Sunday, 16 May 2021

Living on the edge

One of the few advantages of the UK Covid-19 lockdowns is the availability of the Ancestry genealogy website at home, via my local library catalogue, while the libraries have been closed to the public. Instead of enjoying the longer daylight hours on long walks or exercise, I've been hunched over my computer searching through old documents.

Ancestry seem to have excellent coverage of Northamptonshire parish records, This is great for me, because the Kisby heartlands straddle the northern borders of this county, around Peterborough in particular. Unfortunately within a couple of miles are the borders of Cambridgeshire, Lincolnshire and Huntingdonshire, which mean roving Kisbys can go off the radar quickly (though radars hadn't been invented yet) by travelling only a relatively short distance.

Some of the parish register records are wonderful, filled with fascinating anecdotal detail. In one parish, the curate records the young men that have been "killed by a cart" - at least one per year! Another tells of the tragedy of the vicar's wife accidentally killing her two young sons by poisoning, while treating them for worms.

One tiny village I'd never previously discovered, Etton, has been a key to me making a few more links. Clement Kisby, the caretaker of Peterborough Cathedral (see previous post) baptises a daughter there in 1645. Just over a century later, William Kisby and Elizabeth Bennington marry at St Stephen's Church, Etton, and it turns out they are the parents of the Kisbys of Langtoft, Lincolnshire - William and Robert, who bequeathed us many modern day Kisbys. Etton is a one and half miles south of the Lincolnshire border, while Langtoft is a similar distance north. I even found one of the most itinerant Kisby's (a test for genealogists), John aka William Kisby - a shepherd who moved between Peterborough, Baston (Lincs), Whittlesey (Cambs), Gedney Hill (Lincs) and back to Peterbrough - baptising his oldest children in Etton.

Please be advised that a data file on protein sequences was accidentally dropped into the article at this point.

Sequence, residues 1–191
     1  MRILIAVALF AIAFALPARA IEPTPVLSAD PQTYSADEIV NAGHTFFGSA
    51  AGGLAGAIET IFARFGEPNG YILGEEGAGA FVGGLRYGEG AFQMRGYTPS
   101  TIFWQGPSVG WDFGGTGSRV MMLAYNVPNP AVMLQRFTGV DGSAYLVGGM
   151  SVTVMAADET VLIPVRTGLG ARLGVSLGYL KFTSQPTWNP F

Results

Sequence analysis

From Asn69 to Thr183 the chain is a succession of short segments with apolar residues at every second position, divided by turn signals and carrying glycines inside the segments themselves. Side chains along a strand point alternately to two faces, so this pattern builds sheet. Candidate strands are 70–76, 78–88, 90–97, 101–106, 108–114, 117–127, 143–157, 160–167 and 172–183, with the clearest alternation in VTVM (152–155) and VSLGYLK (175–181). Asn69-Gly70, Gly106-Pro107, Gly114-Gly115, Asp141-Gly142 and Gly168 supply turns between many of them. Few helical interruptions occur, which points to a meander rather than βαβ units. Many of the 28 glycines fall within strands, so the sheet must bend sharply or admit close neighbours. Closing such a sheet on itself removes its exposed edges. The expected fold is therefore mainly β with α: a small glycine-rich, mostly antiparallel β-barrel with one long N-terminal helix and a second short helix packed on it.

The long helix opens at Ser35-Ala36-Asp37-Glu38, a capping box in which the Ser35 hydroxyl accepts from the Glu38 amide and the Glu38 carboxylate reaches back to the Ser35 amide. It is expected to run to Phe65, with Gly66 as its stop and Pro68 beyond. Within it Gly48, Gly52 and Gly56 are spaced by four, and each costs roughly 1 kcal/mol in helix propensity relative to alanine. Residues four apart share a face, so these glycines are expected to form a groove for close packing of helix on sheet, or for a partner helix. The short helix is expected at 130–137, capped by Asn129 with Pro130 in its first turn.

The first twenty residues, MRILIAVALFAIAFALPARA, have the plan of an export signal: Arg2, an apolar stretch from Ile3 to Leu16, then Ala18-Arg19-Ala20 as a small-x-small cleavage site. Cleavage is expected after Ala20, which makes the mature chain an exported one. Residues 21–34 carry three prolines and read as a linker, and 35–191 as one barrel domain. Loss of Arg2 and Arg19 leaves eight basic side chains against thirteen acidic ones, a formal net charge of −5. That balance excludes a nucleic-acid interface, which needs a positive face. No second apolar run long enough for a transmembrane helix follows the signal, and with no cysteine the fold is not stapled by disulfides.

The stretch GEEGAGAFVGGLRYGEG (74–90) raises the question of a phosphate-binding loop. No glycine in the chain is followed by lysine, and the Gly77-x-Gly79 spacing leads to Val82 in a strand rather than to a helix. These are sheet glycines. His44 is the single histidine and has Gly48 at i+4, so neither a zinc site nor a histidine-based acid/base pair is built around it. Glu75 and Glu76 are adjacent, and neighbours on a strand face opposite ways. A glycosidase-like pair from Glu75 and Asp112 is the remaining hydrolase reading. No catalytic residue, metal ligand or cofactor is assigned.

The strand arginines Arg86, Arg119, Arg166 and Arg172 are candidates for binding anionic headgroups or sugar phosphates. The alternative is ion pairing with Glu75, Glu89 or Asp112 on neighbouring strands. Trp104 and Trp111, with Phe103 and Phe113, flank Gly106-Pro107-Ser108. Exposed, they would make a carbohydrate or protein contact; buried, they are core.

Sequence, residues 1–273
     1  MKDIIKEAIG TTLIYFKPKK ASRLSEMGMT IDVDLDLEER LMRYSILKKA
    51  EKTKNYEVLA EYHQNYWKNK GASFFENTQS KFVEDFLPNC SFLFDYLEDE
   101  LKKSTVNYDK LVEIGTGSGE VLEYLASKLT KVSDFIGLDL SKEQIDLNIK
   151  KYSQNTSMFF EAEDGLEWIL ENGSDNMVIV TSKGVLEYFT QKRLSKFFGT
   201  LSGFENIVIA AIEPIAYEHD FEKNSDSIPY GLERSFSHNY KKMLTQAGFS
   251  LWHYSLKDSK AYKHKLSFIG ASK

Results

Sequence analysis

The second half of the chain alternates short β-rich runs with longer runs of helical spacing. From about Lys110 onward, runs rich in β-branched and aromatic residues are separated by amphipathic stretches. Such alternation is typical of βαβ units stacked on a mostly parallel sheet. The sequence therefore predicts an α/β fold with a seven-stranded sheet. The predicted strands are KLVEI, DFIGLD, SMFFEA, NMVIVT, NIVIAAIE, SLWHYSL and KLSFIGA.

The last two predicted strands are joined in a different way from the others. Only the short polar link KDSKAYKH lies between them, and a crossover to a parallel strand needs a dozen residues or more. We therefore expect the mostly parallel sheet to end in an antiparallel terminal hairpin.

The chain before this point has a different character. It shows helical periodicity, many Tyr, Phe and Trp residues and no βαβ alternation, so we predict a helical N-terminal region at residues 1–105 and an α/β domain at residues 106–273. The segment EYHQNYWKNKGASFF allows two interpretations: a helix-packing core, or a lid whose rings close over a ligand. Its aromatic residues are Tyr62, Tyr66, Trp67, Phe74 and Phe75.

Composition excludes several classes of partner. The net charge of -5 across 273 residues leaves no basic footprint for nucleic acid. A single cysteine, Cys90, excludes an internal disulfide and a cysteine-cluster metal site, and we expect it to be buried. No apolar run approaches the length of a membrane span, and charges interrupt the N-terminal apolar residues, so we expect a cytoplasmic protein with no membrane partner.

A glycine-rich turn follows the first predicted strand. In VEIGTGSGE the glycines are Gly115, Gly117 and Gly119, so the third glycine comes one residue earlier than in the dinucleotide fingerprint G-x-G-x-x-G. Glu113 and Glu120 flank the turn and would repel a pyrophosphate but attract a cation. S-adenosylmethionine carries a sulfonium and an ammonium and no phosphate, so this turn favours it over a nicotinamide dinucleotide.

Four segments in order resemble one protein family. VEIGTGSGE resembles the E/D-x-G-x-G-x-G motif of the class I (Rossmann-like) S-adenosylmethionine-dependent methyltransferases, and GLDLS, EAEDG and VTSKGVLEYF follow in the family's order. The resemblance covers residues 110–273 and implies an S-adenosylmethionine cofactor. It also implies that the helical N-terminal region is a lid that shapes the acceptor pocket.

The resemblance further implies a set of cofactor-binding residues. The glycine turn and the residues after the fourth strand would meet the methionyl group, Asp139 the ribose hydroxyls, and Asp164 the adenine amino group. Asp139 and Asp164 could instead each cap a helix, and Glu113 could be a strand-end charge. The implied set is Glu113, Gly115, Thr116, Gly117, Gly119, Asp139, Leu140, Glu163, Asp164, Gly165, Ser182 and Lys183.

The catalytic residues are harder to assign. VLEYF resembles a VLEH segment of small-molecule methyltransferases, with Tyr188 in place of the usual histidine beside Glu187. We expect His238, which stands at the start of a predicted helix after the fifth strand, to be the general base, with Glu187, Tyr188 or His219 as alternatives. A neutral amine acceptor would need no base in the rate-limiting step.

Hopefully Covid-19 is now behind us, we can start visiting libraries and record office again and I can re-subscribe to Findmypast to scour the Cambridgeshire records.

Sunday, 30 August 2020

Dr William Joseph Kisby

It's rare that I receive any communication these days from a fellow Kisby. I expect this is because there's so much available online, fellow Kisbys are able to satisfy their curiosity about their ancestors with a few clicks of the mouse.